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Mr. Justice James Williams was only three years on the British Columbia Supreme Court when he was assigned one of the most challenging cases on the court docket, the Robert Pickton murder trial.

The judge's reputation had preceded him. He was well known in legal circles for his analytical mind, his sense of fairness and his wry sense of humour.

"I think we're lucky to have him running it," George Macintosh, a lawyer who knows Judge Williams well and is not involved in the trial, said in a recent interview.

Judge Williams assesses matters in a detached manner and sees both sides of an issue, Mr. Macintosh said. "He is even-handed to an unusual degree."

Mr. Macintosh anticipated the complex and lengthy jury trial will run smoothly under Judge Williams's watchful eye.

"He is someone who will run a good courtroom," Mr. Macintosh said. "In a case of that length, with the amount of emotion that is going to be in the room a lot of the time, you need someone to let everyone know he is in control and to do it in low-key way. He's made for that."

Judge Williams was in his 30s, with a young family and working as a Mountie, when he decided to go to law school.

He was called to the bar in 1984, articled with Vancouver trial lawyer Len Doust, and in 1990 opened an office with Vancouver lawyer Bill Smart. He was appointed to the bench in 2002.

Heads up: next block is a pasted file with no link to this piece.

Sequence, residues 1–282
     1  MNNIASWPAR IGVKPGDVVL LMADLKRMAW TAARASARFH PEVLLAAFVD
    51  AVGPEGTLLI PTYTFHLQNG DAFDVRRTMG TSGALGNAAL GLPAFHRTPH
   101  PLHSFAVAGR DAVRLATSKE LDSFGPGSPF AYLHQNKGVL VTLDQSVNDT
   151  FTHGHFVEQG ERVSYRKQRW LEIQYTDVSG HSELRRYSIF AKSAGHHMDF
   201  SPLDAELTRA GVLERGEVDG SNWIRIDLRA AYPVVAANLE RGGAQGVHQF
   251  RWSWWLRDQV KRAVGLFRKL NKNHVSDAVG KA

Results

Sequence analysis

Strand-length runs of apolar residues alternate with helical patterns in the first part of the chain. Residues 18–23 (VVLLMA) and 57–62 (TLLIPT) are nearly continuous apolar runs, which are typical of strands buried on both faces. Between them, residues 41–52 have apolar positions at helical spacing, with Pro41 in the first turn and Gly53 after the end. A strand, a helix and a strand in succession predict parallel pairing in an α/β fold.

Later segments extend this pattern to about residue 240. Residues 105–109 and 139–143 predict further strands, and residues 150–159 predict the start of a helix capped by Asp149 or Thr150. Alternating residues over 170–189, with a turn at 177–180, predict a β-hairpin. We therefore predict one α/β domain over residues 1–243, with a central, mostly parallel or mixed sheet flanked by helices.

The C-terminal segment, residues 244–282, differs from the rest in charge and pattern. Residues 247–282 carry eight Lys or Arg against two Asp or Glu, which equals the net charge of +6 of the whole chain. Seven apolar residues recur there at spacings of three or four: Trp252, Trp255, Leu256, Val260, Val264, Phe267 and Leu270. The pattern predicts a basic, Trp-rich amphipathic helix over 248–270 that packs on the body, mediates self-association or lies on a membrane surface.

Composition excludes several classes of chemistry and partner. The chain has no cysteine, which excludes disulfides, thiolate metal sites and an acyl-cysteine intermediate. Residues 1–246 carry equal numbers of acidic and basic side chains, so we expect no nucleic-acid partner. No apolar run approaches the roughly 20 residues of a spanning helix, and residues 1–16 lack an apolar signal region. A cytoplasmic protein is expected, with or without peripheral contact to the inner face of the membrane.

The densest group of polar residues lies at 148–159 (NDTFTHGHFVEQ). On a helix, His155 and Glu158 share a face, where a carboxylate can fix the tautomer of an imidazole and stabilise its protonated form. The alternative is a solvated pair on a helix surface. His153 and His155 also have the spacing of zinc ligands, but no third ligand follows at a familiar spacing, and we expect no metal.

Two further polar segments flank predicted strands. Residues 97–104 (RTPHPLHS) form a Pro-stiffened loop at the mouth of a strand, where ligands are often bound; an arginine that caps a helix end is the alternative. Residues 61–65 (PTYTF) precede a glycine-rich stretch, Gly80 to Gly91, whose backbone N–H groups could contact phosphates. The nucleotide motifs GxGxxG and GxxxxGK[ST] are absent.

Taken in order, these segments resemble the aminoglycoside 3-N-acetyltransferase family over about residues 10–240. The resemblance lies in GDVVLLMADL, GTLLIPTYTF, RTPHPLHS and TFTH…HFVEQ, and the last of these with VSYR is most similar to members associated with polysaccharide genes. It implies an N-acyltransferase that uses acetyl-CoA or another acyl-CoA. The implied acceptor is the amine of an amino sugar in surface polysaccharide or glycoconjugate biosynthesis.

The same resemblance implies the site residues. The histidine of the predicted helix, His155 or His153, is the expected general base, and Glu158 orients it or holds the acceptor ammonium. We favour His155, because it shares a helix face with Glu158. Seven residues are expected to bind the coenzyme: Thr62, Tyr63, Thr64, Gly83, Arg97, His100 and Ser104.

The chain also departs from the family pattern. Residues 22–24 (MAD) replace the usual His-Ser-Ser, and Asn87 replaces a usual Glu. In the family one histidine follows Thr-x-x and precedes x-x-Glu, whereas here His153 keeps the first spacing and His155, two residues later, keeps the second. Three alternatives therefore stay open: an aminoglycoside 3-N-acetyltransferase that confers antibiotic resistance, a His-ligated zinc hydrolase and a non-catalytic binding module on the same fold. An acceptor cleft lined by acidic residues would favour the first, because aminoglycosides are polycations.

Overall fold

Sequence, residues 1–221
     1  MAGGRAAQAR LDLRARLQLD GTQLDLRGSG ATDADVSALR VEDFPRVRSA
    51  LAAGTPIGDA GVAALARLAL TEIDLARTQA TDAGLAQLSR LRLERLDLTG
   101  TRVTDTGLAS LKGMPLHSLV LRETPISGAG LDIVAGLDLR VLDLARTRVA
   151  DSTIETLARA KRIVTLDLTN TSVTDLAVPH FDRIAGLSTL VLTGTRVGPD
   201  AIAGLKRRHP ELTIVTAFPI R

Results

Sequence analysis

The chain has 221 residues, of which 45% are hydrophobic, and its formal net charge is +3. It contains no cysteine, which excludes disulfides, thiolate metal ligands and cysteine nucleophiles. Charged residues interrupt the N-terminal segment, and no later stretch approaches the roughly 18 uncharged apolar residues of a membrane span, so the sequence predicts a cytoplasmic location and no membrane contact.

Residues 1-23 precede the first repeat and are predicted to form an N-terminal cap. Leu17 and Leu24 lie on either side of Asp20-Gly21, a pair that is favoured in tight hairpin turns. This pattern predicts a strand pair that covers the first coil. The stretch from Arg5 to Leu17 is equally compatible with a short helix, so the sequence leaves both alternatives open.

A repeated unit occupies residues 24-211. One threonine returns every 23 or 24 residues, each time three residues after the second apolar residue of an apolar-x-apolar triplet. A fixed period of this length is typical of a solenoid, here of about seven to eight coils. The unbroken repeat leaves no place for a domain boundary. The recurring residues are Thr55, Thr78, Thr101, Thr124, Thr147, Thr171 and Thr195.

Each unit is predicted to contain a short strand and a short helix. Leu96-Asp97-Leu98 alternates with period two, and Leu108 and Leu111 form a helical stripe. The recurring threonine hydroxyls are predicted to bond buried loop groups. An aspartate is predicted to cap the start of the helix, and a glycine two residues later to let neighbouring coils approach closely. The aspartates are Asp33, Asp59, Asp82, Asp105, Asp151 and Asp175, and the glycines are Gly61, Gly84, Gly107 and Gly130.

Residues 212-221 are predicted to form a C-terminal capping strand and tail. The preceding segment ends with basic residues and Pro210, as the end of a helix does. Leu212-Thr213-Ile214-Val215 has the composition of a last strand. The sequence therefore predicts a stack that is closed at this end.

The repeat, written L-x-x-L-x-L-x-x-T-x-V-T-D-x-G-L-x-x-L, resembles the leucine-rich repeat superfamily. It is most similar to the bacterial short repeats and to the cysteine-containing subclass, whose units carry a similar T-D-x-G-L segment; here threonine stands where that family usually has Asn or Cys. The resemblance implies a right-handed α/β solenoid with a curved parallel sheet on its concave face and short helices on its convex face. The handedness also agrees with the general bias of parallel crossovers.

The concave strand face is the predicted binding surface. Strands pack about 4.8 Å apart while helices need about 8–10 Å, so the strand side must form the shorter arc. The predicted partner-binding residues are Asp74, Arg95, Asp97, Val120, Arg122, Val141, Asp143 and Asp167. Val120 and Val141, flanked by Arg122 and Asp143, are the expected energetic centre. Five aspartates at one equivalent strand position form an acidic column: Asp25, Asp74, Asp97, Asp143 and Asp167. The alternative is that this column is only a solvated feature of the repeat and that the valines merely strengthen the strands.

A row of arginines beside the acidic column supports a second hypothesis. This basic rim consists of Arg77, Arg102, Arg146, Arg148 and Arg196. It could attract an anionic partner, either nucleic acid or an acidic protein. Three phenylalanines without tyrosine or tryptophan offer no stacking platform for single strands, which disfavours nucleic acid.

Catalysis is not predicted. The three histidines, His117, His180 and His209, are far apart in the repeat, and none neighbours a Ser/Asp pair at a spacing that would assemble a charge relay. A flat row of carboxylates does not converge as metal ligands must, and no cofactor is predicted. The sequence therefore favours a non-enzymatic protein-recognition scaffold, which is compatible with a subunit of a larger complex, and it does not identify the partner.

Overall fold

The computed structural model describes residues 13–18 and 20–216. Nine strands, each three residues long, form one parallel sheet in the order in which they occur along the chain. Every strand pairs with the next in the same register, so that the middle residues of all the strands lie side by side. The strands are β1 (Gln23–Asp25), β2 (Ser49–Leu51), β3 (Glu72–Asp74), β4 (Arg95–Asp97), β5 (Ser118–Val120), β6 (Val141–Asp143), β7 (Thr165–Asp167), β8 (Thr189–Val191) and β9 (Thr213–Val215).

As a lawyer, he was involved in several notable criminal trials. He was the prosecutor in the case against six Vancouver Island girls who beat up high-school student Reena Virk before she was killed.

As a defence lawyer, he represented hockey star Marty McSorley against a charge of assault with a weapon after he hit former Canucks player Donald Brashear on the ice with his hockey stick.

Mr. Macintosh came to know Judge Williams when they were involved in the inquiry into the RCMP handling of protesters at the Asia-Pacific Economic Co-operation forum in Vancouver in 1997. Judge Williams, as a lawyer, represented RCMP Staff Sergeant Hugh Stewart, dubbed "Sgt. Pepper" for pepper-spraying student protesters.

"That was a hard case," Mr. Macintosh said. "A lot of people did not like what [Staff Sgt. Stewart]was doing. But Jim put it in context, which is what good lawyers do, and [Staff Sgt. Stewart]was completely understood. Jim basically vindicated him."

Judge Williams adjudicated at fewer than 30 court cases before he was assigned the Pickton trial, according to a search of the B.C. Supreme Court website.